Israeli Embassy strongly denies report it received early warning of attacks
Haaretz | July 8, 2005
By Yossi Melman
LONDON - A spokesman for the Israeli Embassy in London strongly denied Associated Press reports indicating British intelligence services informed embassy security officers of terrorists' intentions attack an Israeli target.
According to the same AP report, the British alerted the Israeli Embassy just minutes before the series of terror attacks in London.
The erroneous report apparently came to light after the embassy and the Finance Ministry and the Ministry of Industry and Trade organized a special conference aimed at supporting investment in Israel and activities on the part of Israeli companies on the London stock exchange.
The conference was supposed to take place at the Great Eastern hotel near the Liverpool Street subway station - one of three stations hit in Thursday's terror attacks.
Finance Minister Benjamin Netanyahu, visiting in London, was invited to the conference as a keynote speaker.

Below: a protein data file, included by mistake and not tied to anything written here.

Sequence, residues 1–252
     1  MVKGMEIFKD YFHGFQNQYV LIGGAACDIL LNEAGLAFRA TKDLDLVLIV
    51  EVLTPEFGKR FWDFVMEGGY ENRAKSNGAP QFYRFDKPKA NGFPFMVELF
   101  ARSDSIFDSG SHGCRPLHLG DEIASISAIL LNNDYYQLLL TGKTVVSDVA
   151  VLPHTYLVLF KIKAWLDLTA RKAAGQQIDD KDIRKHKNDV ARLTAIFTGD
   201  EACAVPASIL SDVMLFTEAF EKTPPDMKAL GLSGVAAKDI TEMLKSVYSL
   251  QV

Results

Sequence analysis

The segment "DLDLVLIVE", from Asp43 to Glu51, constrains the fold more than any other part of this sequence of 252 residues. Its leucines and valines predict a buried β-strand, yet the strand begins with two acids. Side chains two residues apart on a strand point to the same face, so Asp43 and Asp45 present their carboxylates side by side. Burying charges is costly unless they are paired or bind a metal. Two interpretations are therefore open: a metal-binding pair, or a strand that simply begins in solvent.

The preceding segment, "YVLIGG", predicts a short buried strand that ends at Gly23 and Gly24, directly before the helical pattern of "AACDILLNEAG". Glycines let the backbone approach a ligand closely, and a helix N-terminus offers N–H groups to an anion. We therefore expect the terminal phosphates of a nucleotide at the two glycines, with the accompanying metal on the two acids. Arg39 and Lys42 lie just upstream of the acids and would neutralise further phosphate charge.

When the attacks started, Israeli Ambassador Zvi Heifetz, a number of his aides and some conference guests were already situated in the hotel.
The conference was ultimately postponed and Netanyahu's security personnel prevented his departure from the central London hotel.
"After the first explosion, our finance minister received a request not to go anywhere," Foreign Minister Silvan Shalom told Army Radio.
Netanyahu had been scheduled to stay in London until Sunday, but that could change, said Amir Gilad, a Netanyahu aide.
Heifetz said Thursday afternoon that British police had called to tell embassy personnel to stay inside their offices.
"There is fear that this wave [of violence] has not yet ended," Hefetz said.
In the wake of the London attacks, the Shin Bet security service ordered all Israeli embassies around the world placed on high alert, Channel 1 reported Thursday evening.